In addition to deciding between active investing or passive investing, there are other factors to consider.  Value investing involves picking stocks that appear to be trading for less than their intrinsic or book value.  You can think of it as looking for stocks that you think the stock market is underestimating, with the idea of buying stocks in quality companies and having a longer-term time horizon.  Growth investing looks for companies whose earnings are expected to increase at a greater rate than the overall market (or more than similar companies).  With growth investing, the idea is that those companies that are growing earnings at a greater rate are also going to see their stock prices go up commensurately.  Value investors tend to be more conservative, while growth investors are often seen as those willing to take on more risk. 


Risk Tolerance and Time Horizon

There’s a general rule that the longer your time horizon, the more risk you can assume because you have more time to recover from your loss.  If you’re 25 years old and only focused on retirement at age 65, being fully invested in stocks makes sense.  If the stock market is down 15% in one year, there is still plenty of time for your money to grow.

If you invest $1,000 at age 25 and are counting on an average annual return of 9% until retirement at age 65, even if your investment drops by 15% the first year, you still have 39 years to make it up.  An average annual return of 9.7% over the next 39 years still gets you to your goal.  But if your time horizon is only 5 years, that 15% drop in the first year means that you have to have an average annual return of 16.0% for the next four years to get to where you want to be.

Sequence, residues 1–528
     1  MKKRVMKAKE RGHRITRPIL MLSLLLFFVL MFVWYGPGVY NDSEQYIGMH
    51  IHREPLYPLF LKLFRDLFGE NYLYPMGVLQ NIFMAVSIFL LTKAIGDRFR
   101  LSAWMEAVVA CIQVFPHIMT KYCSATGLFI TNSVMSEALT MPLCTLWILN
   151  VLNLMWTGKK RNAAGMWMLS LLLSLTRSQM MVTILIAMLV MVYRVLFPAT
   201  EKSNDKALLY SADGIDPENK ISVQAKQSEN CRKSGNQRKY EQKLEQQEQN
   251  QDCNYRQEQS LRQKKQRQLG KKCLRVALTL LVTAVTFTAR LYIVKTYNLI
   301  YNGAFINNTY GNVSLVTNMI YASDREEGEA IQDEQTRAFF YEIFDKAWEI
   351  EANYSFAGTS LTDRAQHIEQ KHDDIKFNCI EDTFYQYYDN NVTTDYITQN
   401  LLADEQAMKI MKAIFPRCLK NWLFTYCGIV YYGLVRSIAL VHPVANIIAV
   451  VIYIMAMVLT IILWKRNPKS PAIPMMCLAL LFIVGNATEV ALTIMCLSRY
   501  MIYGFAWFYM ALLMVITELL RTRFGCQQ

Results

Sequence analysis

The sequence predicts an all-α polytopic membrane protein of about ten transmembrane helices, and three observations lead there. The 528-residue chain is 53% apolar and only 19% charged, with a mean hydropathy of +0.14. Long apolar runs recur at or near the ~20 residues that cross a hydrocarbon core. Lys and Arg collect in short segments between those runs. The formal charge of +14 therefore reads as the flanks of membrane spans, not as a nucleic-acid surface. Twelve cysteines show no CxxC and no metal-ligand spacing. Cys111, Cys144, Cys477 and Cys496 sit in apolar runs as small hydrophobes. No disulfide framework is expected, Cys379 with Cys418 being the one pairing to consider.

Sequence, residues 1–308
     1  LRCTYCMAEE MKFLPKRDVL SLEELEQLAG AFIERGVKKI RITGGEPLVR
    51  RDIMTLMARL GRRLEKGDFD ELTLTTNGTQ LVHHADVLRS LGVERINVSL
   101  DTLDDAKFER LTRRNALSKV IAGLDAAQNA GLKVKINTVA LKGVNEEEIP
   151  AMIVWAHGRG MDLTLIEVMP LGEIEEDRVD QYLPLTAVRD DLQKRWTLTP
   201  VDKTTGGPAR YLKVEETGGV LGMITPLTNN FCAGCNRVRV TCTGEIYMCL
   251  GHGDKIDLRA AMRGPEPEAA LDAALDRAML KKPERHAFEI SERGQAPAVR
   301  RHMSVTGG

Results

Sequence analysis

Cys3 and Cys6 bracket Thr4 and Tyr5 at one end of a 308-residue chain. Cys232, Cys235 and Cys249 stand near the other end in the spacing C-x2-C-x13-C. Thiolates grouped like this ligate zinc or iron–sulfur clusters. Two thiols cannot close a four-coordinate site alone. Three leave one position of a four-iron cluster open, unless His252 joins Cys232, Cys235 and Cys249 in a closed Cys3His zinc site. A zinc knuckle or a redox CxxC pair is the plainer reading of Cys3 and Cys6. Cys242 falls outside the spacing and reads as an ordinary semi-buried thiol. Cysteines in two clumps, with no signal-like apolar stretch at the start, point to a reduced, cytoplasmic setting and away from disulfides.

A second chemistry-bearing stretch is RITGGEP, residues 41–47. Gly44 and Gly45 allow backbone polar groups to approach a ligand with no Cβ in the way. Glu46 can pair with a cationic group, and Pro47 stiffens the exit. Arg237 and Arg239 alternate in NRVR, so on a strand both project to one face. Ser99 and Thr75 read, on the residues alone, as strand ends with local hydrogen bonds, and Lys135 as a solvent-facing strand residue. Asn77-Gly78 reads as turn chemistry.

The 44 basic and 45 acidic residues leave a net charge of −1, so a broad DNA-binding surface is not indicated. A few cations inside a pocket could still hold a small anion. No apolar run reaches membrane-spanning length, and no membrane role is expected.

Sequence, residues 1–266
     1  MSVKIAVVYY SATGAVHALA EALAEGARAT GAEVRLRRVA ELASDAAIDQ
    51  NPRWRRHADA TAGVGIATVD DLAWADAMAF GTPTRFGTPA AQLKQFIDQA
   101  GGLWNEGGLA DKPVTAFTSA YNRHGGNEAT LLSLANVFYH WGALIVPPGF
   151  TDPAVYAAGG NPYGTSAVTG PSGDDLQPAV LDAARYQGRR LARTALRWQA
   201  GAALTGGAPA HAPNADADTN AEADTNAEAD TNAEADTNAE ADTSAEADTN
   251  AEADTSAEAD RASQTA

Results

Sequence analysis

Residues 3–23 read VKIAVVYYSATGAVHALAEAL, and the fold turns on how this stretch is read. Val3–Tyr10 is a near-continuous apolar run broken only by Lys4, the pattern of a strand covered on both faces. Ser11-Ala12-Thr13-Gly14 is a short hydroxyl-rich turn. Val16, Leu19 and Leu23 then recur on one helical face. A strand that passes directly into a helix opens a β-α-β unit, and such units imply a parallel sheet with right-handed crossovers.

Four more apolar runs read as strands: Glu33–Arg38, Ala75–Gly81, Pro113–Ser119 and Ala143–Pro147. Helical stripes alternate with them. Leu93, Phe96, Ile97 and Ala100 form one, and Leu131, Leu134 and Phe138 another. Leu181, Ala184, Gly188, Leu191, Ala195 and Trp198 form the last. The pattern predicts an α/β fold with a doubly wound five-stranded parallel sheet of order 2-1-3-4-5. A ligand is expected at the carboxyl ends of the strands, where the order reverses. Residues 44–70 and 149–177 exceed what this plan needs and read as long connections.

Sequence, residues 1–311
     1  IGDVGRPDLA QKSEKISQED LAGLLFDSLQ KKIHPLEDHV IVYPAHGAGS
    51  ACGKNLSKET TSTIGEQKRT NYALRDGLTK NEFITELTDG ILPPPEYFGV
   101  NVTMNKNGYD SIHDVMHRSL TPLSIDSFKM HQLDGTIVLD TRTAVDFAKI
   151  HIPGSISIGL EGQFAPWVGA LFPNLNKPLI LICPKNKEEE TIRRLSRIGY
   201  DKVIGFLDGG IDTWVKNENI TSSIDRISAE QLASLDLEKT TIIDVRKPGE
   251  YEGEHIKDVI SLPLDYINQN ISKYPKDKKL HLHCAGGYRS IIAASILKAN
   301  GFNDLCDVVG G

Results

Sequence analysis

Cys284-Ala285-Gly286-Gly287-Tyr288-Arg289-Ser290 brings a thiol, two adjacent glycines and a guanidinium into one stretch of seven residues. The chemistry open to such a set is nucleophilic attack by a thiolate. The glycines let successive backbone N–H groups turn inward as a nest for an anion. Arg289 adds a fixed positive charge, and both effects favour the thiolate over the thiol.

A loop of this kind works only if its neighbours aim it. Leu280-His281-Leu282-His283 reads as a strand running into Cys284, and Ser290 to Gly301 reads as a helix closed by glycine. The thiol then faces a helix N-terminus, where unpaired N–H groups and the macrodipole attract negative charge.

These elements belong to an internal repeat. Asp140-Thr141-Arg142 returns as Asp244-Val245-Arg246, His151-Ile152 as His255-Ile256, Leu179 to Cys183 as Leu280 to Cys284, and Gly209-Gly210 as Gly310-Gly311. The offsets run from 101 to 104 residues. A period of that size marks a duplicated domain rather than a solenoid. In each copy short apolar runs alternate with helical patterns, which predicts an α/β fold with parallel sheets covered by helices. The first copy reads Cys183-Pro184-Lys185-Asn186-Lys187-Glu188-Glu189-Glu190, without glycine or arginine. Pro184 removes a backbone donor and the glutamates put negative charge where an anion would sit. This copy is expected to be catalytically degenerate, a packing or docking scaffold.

As you progress through life, you’ll find that you have short-term, intermediate-term, and long-term time horizons.  When you’re in your 20s, retirement is a long-term time horizon, so you can take on more risk.  But if you’re looking to buy a car in the next year, you’ll want to have the money earmarked for that car much more safely invested.  Risk tolerance in one area doesn’t necessarily carry over to other areas, no matter what your age. 

How to Get Started

When you’re a young adult facing a lifetime of financial decisions ahead of you, it’s important to start strong.  By working with a professional financial adviser, they can help keep track of your financial situation and give you clear, objective advice to ensure that your financial goals are met.  Find someone that you’re comfortable with and let them help guide you on your financial journey and avoid some of the common pitfalls out there. 

About Chase Investment Counsel

Chase Investment Counsel is a family and employee-owned boutique wealth management firm that offers personalized investment services. Our clients include career professionals, those nearing or in retirement, and families experiencing financial transitions such as generational wealth transfer, widowhood, divorce, or sale of a business. Chase’s active, disciplined investment management team is focused on selecting individual stocks and bonds targeted to each investor’s specific financial goals and risk tolerance. Established in 1957 in Charlottesville, VA, Chase Investment Counsel manages more than $300 million in assets.